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ARS Home » Plains Area » Lubbock, Texas » Cropping Systems Research Laboratory » Livestock Issues Research » Research » Publications at this Location » Publication #320066

Research Project: Improving Immunity, Health, and Well-Being in Cattle and Swine

Location: Livestock Issues Research

Title: Zinc Methionine Supplementation Impacts Gene and Protein Expression in Calf-fed Holstein Steers with Miniaml Impact on Feedlot Performance

Author
item Hergenreder, Jerilyn - Texas Tech University
item Legako, Jared - Utah State University
item Dihn, Thu T. - Mississippi State University
item Spivey, Kari - Texas Tech University
item Baggerman, Jessica - Texas Tech University
item Broadway, Paul
item Beckett, John - Consultant
item Branine, Mark - Zinpro Corporation

Submitted to: Biological Trace Element Research
Publication Type: Peer Reviewed Journal
Publication Acceptance Date: 9/24/2015
Publication Date: N/A
Citation: N/A

Interpretive Summary: Cattle producers are constantly seeking supplements to enhance the diets of feedlot animals to promote feedlot and carcass performance. Supplementation of zinc in the diet is important to maintain homeostatic conditions across multiple physiological and biochemical pathways. Therefore, the objective of this study was to determine the effect of supplementing zinc methionine(ZnMet) on feedlot growth performance, carcass characteristics, skeletal muscle and adipose tissue gene expression, protein synthesis, and fatty acid compositon of calf-fed Holstein steers. There were no differences observed in either feedlot or carcass performance. However cattle fed ZnMet did display an increase proteins and genes essential for the establishment of lean tissue deposition. Control cattle had a smaller skeletal muscle cross-sectional area and also were observed to have more internalized beta-receptors which means there ability to bind the beta-agonist was diminished. When fatty acids were quantified, it was determined that ZnMet increased neutral lipids , but not phospholipids concentrations which coinside with decreased expresion of certain fat producing enzymes in supplemented cattle. Overall, ZnMet increased myosin heavy chain expression and increased muscle hypertrophy; however, these changes did not translate to overall enhancement of feedlot and carcass performance, thereby leaving profitability unchanged. This information will be informative to producers, packers, pharmaceutical companies, and veterinarians. It is also important to researchers as they attempt to elucidate some of the biochemical interactions of trace minerals on gene expression and animal performance.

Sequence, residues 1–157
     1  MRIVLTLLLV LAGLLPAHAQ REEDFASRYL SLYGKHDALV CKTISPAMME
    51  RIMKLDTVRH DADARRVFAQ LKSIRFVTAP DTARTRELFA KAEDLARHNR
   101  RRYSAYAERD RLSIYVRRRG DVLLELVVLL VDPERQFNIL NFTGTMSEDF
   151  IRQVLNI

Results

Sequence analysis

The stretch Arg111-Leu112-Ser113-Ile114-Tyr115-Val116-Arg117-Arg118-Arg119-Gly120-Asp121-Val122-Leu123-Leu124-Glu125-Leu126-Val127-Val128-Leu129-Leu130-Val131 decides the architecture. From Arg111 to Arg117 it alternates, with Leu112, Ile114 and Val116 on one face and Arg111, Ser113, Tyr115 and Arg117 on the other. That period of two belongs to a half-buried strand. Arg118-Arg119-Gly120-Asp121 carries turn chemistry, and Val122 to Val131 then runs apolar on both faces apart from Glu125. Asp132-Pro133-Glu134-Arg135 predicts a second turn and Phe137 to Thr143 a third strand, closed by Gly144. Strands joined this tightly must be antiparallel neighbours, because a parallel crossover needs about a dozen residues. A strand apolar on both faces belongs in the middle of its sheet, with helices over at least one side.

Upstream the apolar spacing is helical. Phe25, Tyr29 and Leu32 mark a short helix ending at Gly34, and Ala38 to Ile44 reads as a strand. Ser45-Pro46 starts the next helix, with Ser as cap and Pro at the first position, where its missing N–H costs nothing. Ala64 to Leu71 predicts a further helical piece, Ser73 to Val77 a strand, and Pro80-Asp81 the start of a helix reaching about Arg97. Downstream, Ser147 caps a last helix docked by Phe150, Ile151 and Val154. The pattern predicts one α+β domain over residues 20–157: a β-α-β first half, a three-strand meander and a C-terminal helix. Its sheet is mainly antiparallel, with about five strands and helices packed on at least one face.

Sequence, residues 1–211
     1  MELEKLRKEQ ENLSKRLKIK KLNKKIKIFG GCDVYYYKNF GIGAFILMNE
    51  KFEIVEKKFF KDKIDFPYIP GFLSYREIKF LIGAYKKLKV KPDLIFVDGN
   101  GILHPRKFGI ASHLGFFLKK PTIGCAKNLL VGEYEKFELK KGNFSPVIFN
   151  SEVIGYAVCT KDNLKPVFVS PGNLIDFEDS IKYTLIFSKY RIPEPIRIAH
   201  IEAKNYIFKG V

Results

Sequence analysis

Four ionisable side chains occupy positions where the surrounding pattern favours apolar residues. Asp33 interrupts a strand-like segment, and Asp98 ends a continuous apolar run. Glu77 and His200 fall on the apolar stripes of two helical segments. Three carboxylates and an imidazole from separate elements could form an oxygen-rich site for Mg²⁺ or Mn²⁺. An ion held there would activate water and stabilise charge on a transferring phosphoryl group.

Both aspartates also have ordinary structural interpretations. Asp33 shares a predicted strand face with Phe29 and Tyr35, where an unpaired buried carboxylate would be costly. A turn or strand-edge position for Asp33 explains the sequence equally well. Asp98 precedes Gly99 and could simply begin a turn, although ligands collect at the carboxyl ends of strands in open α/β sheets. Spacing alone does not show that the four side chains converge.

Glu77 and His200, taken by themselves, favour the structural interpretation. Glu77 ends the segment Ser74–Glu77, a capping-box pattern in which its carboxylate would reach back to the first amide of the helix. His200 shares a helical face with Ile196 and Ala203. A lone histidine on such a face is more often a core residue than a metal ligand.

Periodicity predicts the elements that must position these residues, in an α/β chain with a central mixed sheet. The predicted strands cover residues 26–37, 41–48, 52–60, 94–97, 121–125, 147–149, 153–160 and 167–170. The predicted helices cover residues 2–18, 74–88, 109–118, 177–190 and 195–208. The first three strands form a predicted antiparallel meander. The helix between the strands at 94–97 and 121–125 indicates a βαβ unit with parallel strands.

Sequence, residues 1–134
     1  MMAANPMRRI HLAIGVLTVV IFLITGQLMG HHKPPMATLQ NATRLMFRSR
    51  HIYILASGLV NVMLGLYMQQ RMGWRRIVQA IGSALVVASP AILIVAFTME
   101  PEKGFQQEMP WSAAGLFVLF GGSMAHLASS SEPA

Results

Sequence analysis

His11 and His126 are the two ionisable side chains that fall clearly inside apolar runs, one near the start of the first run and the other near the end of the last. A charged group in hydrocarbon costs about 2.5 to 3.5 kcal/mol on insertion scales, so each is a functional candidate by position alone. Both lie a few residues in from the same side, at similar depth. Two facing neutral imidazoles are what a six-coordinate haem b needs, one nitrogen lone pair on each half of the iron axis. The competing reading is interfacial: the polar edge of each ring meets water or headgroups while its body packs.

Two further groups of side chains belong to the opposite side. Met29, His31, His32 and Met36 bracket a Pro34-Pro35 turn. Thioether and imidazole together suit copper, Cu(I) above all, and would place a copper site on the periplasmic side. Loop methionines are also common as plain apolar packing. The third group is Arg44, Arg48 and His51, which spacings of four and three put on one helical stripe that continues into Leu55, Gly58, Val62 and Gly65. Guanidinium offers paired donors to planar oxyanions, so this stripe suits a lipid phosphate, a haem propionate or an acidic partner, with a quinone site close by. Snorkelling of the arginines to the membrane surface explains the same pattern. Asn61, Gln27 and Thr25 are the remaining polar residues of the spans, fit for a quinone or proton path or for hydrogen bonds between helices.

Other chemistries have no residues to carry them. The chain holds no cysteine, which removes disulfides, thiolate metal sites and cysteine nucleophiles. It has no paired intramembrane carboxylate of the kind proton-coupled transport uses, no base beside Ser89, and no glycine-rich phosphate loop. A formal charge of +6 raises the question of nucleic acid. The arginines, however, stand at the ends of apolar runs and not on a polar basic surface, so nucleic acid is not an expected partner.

Technical Abstract: Calf-fed Holstein steers were supplemented with a zinc (Zn) methionine supplement (ZnMet; ZINPRO®; Zinpro Corporation, Eden Prairie, MN) for 115±5 days prior to harvest along with zilpaterol hydrochloride (ZH; Zilmax®; Merck Animal Health, Summit, NJ) for the last 20 days with a 3 day withdrawal to evaluate the effects on growth and carcass performance together with gene and protein expression of skeletal muscle, adipose tissue and fatty acid (FA) composition of polar and neutral lipid (PL and NL) depots. Steers (n=1,296; initial weight=468.5±0.5 kg) were sorted by weight, blocked by harvest date, and randomly assigned to pens (six/treatment) and treatment: Control (90 ppm Zn from ZnSO4) and ZnMet (Control plus 720 mg Zn from ZnMet/head/day). There were no differences (P > 0.05) in growth performance or carcass characteristics. Cattle fed ZnMet had an increased (P < 0.05) abundance of myosin heavy chain (MHC)-I mRNA in skeletal muscle tissue. Control cattle had an increased (P < 0.05) abundance of MHC-IIX, ß1-adrenergic receptor (ßAR), peroxisome proliferator-activated receptor gamma and stearoyl-CoA desaturase mRNA in skeletal muscle tissue. The ZnMet cattle had greater (P < 0.05) abundance of MHC-II protein, increased MHC-IIA and IIX cross-sectional areas (< 0.05), increased percentage of MHC-I fibers (P < 0.05) and tended (P < 0.10) to have a greater percentage of MHC-IIA fibers. Control cattle had a greater (P < 0.05) percentage of MHC-IIX fibers, nuclei density but less total muscle cells. There was a greater (P < 0.05) density of cells expressing Pax7, and tendency (P < 0.10) for a greater density of ß3AR and internalized ß2AR in ZnMet cattle. Control cattle had an increased (P < 0.05) density of ß2AR. An interaction was determined for several FA (14:0, 15:0, 16:0, 17:0, 18:0, 14:1, 16:1, 17:1, 18:1trans, 20:1, 18:2 n-6; P = 0.049), where ZnMet increased concentrations of NL FA, while PL FA were not impacted. Alteration in FA saturation was in agreement with decreased mRNA expression of stearoyl-CoA desaturase in ZnMet. The addition of ZnMet resulted in increased MHC-I and decreased MHC-IIX gene expression with increasing muscle hypertrophy and protein concentration.